As we all may know, it is very easy to flunk a job interview.
The nerves that come with sitting across from a hiring manager and opening yourself up for judgment sometimes cause you say the wrong thing at the wrong time.
That’s understandable. But have you ever wondered what phrases really annoy interviewers?
Business Insider spoke with several people in leadership positions across a variety of industries about the things they do not want to hear from an interviewee.
Here’s what you do not want to say to your interviewer:
1. “I left my previous job because the environment was toxic/my boss was too demanding.”
Don’t complain about your current position or employer,” says Vip Sandhir, the CEO and founder of the employee-engagement platform HighGround. “I want to hire positive people and it’s an immediate red flag if someone is too critical during an interview.”
Complaining about past gigs or bosses is by far one of the worst things you can do in an interview. Several of our experts listed this as their number one pet peeve.
Basically, no one likes a whiner.
If you have to explain why you left your last job on short notice, put a positive spin on it. Whatever you do, do not complain. Even if you’re justified, it will just sound like sour grapes.
2. “I’ve moved around in jobs because I haven’t found the right fit/am not challenged enough.”
According to Scorsone, a statement like this will make you sound aimless and lost.
“This will make the interviewer immediately think to themselves: ‘why would this role be any different? They’ll probably leave here in six months,’” she says. “Also, this begs the question of what type of relationship you have with your manager. It doesn’t sound like open communication where you express the need and want to take on more with solutions at hand. Ultimately, a manager would love someone who can self-sustain and enable growth through being proactive, strong in follow-through of work and brings ideas and solutions to the table.”
3. “What does your company do?/Where is your company headquartered?
A general rule to abide by during job interviews is if you can answer your question with a Google search, do not ask it.
“You should have done your research before coming through our door,” says Ed Mitzen, the founder of the marketing firm Fingerpaint.
4. “As a manager, I pretty much work alone”
“When discussing your current role, if you are in a leadership or managerial position, never take all the credit for accomplishments,” Ms Silverstein says. “Emphasise your team and how through their talents your vision is being realised. Most successful leaders know that they are only as good as their team. Acknowledging this in an interview will go a long way.”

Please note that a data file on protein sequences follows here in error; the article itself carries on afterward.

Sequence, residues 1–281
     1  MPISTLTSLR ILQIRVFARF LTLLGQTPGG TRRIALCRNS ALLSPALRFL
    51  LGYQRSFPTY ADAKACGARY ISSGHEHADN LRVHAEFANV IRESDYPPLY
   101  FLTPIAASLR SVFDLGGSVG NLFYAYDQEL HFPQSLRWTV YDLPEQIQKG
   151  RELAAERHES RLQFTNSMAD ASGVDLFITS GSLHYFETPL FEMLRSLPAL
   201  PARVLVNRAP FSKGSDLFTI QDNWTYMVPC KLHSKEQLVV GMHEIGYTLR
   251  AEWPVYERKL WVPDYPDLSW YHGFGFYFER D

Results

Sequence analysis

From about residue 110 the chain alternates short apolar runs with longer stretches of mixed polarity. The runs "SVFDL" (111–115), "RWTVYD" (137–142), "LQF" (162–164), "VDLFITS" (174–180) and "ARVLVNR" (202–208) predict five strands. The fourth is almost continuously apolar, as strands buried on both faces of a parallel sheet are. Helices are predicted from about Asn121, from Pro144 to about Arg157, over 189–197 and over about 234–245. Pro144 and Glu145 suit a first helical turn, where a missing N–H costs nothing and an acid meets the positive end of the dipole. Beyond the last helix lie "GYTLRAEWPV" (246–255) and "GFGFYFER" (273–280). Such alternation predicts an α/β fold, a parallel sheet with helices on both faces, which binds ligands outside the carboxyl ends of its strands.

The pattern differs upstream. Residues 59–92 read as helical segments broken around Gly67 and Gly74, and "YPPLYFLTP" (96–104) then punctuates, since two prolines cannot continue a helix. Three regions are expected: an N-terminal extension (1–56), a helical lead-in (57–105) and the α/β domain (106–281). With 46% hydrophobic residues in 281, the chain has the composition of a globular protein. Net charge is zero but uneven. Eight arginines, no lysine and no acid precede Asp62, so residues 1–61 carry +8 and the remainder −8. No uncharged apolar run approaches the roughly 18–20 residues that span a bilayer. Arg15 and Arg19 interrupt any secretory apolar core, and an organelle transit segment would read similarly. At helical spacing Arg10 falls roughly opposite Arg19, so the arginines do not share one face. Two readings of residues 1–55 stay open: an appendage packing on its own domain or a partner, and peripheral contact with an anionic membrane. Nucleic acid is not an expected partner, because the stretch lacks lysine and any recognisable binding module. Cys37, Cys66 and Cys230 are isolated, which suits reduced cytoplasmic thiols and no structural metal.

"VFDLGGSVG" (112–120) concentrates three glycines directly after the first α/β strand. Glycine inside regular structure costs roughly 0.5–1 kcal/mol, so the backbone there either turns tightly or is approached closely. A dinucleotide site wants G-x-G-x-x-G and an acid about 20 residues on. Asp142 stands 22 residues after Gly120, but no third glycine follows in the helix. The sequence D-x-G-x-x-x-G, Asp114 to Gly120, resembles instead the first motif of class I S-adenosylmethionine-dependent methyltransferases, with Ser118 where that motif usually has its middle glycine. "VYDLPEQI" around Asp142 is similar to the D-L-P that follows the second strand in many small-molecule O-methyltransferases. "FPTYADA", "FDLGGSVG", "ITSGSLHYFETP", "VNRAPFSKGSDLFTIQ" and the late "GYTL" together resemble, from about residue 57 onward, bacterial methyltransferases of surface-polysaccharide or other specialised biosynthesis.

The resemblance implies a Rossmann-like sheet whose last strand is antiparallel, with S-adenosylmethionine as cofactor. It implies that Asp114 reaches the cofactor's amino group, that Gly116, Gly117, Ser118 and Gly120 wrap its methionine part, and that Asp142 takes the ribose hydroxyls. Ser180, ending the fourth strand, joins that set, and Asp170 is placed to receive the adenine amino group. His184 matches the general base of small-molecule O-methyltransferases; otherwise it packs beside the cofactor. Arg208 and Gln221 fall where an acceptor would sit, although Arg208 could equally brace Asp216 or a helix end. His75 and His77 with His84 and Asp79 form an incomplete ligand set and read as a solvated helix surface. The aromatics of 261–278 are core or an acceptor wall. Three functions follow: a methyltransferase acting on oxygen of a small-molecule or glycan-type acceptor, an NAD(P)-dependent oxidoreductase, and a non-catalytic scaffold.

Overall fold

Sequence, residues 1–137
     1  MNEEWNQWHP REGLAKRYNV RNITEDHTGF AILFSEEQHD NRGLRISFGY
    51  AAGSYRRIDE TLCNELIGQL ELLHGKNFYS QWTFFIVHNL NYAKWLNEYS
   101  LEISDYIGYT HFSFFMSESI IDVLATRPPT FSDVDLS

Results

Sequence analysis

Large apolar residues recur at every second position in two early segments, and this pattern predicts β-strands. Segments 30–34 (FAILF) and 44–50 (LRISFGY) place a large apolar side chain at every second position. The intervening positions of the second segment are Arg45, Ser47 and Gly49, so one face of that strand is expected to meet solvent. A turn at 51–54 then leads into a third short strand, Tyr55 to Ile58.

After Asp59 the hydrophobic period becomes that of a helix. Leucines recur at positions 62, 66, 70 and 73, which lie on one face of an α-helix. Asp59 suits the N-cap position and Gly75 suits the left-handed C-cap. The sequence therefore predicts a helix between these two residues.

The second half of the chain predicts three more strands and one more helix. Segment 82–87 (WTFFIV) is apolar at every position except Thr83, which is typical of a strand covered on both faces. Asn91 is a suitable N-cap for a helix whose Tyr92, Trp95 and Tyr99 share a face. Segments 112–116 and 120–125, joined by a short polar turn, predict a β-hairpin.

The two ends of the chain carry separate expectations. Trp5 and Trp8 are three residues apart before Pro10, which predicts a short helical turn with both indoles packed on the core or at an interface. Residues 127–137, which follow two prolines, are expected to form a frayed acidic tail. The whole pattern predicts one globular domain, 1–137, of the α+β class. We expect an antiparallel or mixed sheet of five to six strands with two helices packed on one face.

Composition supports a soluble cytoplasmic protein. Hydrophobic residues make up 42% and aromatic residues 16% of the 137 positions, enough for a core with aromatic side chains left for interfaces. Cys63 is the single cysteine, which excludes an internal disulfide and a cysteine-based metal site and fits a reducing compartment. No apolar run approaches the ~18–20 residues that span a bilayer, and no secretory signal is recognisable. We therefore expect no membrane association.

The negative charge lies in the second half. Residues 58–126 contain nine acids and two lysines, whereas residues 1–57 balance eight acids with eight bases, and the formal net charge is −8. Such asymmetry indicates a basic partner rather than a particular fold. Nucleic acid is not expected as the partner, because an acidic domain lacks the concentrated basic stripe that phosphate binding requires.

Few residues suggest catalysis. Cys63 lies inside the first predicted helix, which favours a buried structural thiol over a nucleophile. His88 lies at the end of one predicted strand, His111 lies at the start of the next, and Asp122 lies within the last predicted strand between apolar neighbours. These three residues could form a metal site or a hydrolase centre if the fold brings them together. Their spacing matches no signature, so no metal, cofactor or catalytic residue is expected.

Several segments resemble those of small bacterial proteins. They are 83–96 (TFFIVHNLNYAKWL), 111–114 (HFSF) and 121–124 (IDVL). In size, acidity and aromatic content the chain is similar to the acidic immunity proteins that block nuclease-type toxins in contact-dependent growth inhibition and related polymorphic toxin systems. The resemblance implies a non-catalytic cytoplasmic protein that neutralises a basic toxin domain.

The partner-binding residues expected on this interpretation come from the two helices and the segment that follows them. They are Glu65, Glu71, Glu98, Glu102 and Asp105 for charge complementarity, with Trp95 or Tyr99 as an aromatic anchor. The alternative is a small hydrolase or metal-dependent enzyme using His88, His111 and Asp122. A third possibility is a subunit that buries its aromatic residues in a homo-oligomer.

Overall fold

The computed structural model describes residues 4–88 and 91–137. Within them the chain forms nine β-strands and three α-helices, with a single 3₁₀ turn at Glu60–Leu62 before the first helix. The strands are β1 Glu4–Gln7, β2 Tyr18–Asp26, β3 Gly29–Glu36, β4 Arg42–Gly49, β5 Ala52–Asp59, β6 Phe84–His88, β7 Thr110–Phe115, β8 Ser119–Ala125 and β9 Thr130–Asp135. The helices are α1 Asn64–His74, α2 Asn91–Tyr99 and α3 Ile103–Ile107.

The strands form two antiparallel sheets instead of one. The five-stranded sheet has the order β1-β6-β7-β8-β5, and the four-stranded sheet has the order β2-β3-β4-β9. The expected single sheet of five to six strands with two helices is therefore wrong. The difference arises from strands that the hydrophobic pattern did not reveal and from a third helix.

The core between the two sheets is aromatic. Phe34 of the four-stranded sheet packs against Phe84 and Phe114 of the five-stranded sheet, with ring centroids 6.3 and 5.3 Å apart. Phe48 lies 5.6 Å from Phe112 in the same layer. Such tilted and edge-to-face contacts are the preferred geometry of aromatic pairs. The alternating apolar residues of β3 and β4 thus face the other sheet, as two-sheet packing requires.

5. “What is your holiday policy?”
“This question shows me you are already thinking about taking a break,” Mr Mitzen says. “We want workhorses that will make our company stronger, not those thinking about the beach on day one.”
6. “Sorry, I’m not very punctual.”
It’s not a great idea to highlight a flaw like lateness during your job interview.
“Anyone that doesn’t have the discipline to show up on time – or early – isn’t someone we will trust with our clients’ business,” Mr Mitzen says.
7. “What will my role be?”
In most cases, you should have a good sense of what you’re interviewing for going into the interview. But if you are serious about the opportunity, you want to convey you’re flexible.
“Questions like this suggest you will limit yourself to purely what is expected of you, when in reality, your role is whatever you make of it,” says Kon Leong, CEO and founder of the software company ZL Technologies. “Especially in small companies, the ability to adapt and take on new responsibilities is highly valued.”
This goes double if you are just starting out. Entry-level interviewees would do well in most interviews to demonstrate a broad set of skills.
“When interviewing, it’s important to have a wide skill-set, as many startups and small companies are moving really fast,” says Tigran Sloyan, CEO of the programming startup CodeFights. “Employers are looking for candidates that are agile and can quickly adapt and excel in a growing company.”
8. “I’m a guru/expert.”
Be careful about making your accomplishments seem overblown.
“I cringe when millennials call themselves experts or gurus at things that take time to master,” like SEO or copywriting, says Keren Kang, CEO of the ad agency Native Commerce. “Say you’re excited about it and love learning about it.”
9. “My only weakness is that I work too hard.”
“It’s also a turnoff when candidates answer the question of what are some areas of weakness with an overly positive response,” Mr Sandhir says. “I want to see some humility. Not everyone is perfect, so candidates should be self-aware and be able to articulate their natural challenges in a way that doesn’t derail the interview.”
10. “I don’t have any questions.”
“A candidate that doesn’t have any questions is potentially somebody that is either not interested in your organisation, their career or possibly both,” Ms Ellery says.
-Adapted from Independent